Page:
Olympic champion Sydney McLaughlin wrote another astonishing chapter in her track and field career on Friday, obliterating her own world record as she powered to a jaw-dropping victory in the women's 400m hurdles at the World Championships in Oregon.
The 22-year-old American prodigy left rivals trailing in her wake at Hayward Field as she took gold in a stunning time of 50.68sec -- the first time any woman has ducked under the 51-second barrier.
McLaughlin's incredible performance sliced more than half a second of her own world record of 51.41sec, set at the same venue during the US trials last month.
Femke Bol of the Netherlands took silver in 52.27sec while McLaughlin's team-mate and defending champion Dalilah Muhammad of the United States took bronze in 53.13sec.
"Honestly I just wanted to go for it," McLaughlin said afterwards.
"The last 100 really hurt, but I'm grateful to have this crowd...It all came together today and another medal for the Team USA.
"It was absolutely unreal to have my family in the stands. I have never had them together on one place. So this was for me so big."
Bol and Muhammad would have had realistic hopes of challenging McLaughlin for gold before the race.
But McLaughlin was in a league of her own almost from the gun, surging clear of Muhammad with a blistering opening 200m and coming off the final bend several meters clear of her rivals.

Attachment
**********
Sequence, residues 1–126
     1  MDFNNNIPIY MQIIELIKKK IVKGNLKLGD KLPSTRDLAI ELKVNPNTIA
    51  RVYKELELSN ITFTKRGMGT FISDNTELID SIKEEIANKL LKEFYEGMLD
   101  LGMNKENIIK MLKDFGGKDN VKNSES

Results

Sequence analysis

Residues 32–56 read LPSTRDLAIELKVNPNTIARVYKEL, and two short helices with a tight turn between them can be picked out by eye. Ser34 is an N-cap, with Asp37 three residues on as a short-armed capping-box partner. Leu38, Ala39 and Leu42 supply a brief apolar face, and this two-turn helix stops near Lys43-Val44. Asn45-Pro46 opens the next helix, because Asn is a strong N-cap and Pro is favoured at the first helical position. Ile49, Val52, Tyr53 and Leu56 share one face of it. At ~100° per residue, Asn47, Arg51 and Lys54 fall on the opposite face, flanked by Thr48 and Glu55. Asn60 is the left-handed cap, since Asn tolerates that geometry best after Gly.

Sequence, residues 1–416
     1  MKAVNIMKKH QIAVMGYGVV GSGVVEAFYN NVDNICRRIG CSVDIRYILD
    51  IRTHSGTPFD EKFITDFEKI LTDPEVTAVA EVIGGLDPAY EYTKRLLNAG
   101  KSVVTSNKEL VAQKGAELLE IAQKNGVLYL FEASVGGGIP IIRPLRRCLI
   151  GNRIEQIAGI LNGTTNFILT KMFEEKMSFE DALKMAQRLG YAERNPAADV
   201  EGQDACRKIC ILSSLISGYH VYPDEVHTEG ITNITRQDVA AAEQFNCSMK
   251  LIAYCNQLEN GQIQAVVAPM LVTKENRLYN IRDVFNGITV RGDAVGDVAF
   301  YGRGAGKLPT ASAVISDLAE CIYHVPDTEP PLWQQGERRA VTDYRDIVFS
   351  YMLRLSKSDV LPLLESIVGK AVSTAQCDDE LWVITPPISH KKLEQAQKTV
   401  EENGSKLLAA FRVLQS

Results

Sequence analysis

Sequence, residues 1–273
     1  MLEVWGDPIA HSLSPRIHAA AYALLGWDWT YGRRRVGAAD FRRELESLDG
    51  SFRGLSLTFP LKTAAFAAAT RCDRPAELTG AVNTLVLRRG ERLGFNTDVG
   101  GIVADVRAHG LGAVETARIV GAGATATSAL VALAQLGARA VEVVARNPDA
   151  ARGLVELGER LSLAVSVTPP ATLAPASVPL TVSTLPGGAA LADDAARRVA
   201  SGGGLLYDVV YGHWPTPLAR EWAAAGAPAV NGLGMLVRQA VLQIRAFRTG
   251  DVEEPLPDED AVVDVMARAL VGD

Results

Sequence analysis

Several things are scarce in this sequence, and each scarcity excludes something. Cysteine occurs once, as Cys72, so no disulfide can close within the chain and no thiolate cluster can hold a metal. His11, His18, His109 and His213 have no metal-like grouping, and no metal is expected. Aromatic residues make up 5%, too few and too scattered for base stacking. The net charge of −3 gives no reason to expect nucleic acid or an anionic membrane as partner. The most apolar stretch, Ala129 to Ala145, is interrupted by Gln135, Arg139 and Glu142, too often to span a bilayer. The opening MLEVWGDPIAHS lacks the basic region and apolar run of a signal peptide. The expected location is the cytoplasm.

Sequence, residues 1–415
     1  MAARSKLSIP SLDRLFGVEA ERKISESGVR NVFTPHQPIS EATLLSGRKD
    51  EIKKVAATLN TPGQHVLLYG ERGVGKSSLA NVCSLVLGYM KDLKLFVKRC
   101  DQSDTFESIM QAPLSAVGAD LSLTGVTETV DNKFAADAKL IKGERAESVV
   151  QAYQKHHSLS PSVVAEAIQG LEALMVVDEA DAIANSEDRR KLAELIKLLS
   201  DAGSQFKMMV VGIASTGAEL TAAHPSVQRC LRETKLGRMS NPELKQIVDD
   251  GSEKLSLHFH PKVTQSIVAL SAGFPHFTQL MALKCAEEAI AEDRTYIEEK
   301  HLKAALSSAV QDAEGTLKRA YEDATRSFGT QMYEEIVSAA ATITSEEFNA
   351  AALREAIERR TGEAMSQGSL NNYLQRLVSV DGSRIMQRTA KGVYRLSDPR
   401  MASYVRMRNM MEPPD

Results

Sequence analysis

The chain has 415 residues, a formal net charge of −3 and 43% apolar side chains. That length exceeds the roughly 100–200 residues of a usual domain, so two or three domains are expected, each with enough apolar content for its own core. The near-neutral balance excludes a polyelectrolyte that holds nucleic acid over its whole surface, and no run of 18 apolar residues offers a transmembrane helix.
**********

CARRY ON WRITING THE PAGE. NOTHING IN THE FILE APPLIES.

- 'It was crazy' -
Any fears that McLaughlin had gone out too hard over the opening 300 was wiped out down the home stretch as she kicked for home with a vengeance, powering through the line to complete one of the greatest performances in track and field history.
Her astonishing winning time was faster than the seventh and eighth placed times in the women's flat 400m final raced earlier Friday.
McLaughlin sat crouched on the track after her win, seemingly in disbelief at the scale of her own achievement.
The rapturous reception from the home crowd was in stark contrast to last year's Olympic final -- when McLaughlin set another world record on her way to gold only to be greeted by relative silence, with Tokyo's Olympic Stadium devoid of fans due to Covid-19.
"After Tokyo, not having anybody, this was like a redemption," said McLaughlin, who believes she can run even faster.
"The time is absolutely amazing and the sport is getting faster and faster. Just figuring out what barriers can be broken. I only get faster from here."
Dutch silver medallist Bol was left in awe of McLaughlin's performance.
"It was crazy," Bol said. "She was so far in front at the end so I was always doubting if I really had a good race because it felt very good. And then I saw the sign and I was like: 'Wow!'. This is just amazing and it means a lot that she also broke the 51-second barrier.
"It is unbelievable but it is amazing to be a part of it and to come out second in such a race."